“I am honored that people would follow and celebrate the successes of my career, and I take to heart even the possibility that my being open about my orientation may lessen the stigma or apparent limitations even one individual feels,” Duffy told the news website. “It is my sincerest hope, that in the days and months to come, the thing that I become most known and celebrated for is the quality of my leadership and the continued good work of this office.”
Read the full interview here.
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Karen Hewitt, the former Southern District of California interim U.S. Attorney, will work for Jones Day in San Diego after almost two decades as a federal prosecutor, the law firm announced Thursday.
Hewitt, who started at the Justice Department in 1992, will officially leave the DOJ on June 11. She will join the firm’s trial practice.
“Karen is a widely respected attorney and has an impressive record of accomplishments as the top federal law enforcement attorney here in San Diego,” Anthony M. Insogna, partner-in-charge of Jones Day’s San Diego office, said in a statement. “Now that she has decided to move into private practice, we’re pleased that she has selected Jones Day as the law firm where she will build the next phase of her career. Our clients in California and throughout the country as a whole will greatly benefit from Karen’s government experience, her strong local ties in the community, and her intimate knowledge of federal law.”
The prosecutor worked in the Civil Division Constitutional and Specialized Torts Section at the DOJ headquarters in D.C. before moving to San Diego in 2000.
Hewitt became Executive Assistant U.S. Attorney in 2006, ascending to interim U.S. Attorney after Carol Lam was fired during the 2006 U.S. Attorney purge.
The Senate confirmed Laura Duffy last week to lead the U.S. Attorney’s office.
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Laura Duffy has assumed her new job as San Diego’s U.S. Attorney, The North County Times reported. Interim U.S. Attorney for the Southern District of California Karen Hewitt stepped down from her position before Duffy assumed her new position.
Hewitt, who had headed the office since U.S. Attorney Carol Lam was fired in the 2006 U.S. Attorney purge, will officially resign June 11, the newspaper reported. She plans to enter private practice in San Diego beginning in August.
The Senate confirmed by voice vote Friday two more U.S. Attorneys.
- Stephanie Finley was tapped on Jan. 20 to replace acting U.S. Attorney William Flanagan in the Western District of Louisiana U.S. Attorney’s office. Flanagan has led the Shreveport, La.-based office since Donald Washington stepped down as U.S. Attorney in January. Flanagan’s son, Robert, made national headlines in January for allegedly tampering with the phones in the office of Sen. Mary Landrieu (D-La.) with three men including conservative documentary film-maker James O’Keefe. Finley has been an Assistant U.S. Attorney for the Western District of Louisiana since 1995. Read more about her here.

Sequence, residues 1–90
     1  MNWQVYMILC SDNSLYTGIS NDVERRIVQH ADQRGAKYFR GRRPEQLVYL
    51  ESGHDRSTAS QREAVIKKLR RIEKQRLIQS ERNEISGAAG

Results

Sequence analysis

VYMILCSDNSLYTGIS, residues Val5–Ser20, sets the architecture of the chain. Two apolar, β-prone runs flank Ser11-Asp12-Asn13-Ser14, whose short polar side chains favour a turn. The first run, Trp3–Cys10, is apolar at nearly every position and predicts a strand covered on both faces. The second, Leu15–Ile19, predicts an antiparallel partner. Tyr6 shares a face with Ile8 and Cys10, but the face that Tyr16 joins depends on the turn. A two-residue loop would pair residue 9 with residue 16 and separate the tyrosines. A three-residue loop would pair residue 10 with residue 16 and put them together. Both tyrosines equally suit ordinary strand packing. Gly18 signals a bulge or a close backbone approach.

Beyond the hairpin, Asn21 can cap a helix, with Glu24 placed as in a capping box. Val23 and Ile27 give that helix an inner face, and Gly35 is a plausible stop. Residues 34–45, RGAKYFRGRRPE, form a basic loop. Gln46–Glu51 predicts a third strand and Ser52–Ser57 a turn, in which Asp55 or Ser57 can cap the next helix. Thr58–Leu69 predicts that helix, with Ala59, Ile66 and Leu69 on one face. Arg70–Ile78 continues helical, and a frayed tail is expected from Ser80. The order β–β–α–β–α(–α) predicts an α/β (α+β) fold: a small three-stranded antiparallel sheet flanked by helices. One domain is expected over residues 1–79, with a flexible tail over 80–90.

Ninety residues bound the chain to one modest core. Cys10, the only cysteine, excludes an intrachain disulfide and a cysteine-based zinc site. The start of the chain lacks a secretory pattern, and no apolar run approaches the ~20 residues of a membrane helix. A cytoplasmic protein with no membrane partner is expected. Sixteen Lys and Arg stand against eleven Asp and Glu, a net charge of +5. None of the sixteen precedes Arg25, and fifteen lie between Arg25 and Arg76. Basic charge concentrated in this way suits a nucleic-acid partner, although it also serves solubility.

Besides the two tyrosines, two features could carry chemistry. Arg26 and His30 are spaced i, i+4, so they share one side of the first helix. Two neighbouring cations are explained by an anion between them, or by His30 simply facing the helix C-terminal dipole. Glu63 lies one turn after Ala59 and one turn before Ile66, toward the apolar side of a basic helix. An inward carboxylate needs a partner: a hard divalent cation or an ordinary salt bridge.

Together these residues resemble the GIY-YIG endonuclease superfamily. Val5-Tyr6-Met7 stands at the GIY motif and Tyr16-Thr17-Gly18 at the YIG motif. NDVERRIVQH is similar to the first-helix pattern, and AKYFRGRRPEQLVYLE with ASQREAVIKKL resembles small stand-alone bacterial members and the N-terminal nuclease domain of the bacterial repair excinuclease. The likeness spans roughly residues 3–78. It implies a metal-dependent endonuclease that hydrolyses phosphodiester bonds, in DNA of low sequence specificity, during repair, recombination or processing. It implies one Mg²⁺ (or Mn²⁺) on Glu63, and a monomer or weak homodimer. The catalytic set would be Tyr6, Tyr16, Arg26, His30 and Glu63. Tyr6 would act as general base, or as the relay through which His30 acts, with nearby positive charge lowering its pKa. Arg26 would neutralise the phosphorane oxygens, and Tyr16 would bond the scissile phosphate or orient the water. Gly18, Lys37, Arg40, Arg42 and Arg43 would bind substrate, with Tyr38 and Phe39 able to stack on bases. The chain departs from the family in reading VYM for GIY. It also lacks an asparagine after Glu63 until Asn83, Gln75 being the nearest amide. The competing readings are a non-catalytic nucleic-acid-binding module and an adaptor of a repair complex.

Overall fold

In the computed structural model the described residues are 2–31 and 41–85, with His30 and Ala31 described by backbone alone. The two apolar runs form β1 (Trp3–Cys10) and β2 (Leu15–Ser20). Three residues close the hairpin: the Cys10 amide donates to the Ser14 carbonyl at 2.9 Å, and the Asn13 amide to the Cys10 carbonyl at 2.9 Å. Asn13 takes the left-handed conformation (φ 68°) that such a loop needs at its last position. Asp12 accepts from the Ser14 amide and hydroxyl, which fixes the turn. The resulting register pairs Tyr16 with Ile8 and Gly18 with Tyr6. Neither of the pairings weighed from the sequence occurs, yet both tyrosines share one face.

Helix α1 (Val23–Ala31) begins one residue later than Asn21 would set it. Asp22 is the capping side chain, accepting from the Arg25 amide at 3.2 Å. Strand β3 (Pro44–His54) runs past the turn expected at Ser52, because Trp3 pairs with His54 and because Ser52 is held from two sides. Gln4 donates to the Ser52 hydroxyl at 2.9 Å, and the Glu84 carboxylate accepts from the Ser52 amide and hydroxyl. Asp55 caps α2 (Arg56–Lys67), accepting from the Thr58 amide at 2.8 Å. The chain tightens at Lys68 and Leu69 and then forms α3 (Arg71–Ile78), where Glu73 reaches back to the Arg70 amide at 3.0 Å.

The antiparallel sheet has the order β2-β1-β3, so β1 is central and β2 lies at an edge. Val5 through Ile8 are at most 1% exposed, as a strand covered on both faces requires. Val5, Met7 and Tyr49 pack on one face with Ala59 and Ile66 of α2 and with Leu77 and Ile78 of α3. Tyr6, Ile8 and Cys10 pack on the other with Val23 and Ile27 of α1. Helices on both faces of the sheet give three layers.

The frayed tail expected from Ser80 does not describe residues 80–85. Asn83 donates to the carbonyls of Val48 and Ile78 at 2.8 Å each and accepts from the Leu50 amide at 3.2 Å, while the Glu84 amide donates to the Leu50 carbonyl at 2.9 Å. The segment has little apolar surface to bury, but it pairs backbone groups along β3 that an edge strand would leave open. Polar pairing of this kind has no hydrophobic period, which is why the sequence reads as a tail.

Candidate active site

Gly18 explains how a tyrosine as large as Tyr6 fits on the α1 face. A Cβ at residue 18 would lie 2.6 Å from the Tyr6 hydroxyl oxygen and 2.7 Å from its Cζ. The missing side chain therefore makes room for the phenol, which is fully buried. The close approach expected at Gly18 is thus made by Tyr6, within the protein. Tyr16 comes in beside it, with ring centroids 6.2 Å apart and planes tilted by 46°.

- Laura Duffy was nominated on Feb. 24 to be U.S. Attorney for the Southern District of California. She is the first Senate-confirmed U.S. Attorney in the Southern District since Carol Lam, who was one of the U.S. Attorneys dismissed during 2006 by the Bush administration. Read more about Duffy here.
The Senate has now confirmed 51 of President Barack Obama’s U.S. Attorney nominees. The chamber has yet to consider another 16 would-be U.S. Attorneys who are waiting for votes in the Senate Judiciary Committee.
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Laura Duffy (Iowa State University, Creighton University School of Law) is nominated to be U.S. Attorney for the Southern District of California. She would be the first Senate-confirmed U.S. Attorney in the Southern District since Carol Lam, who was one of the U.S. Attorneys dismissed during 2006 by the Bush administration. The district’s current interim U.S. Attorney is Karen P. Hewitt.
- Born in Des Moines, Iowa, in 1962.
- Attended but did not earn degrees from the University of Iowa and Northwest Missouri State University.
- Has worked in the U.S. Attorney’s office in the Southern District of California since November 1997, serving as an Assistant U.S. Attorney in the narcotics enforcement section and as Deputy Chief of the general crimes section.
- Worked at Justice Department headquarters in Washington, D.C., from October 1993 to November 1997, serving as a trial attorney in the narcotics and dangerous drug section and the money laundering section.
- Clerked for public defender Thomas Riley in the Douglas County public defender’s office in Omaha from January 1992 to February 1993.
- Clerked for Kennedy, Holland, Delacy & Svoboda in Omaha from May 1991 to October 1991.
- Worked as a cook at the Village Inn in Ames, Iowa, during the summer of 1990.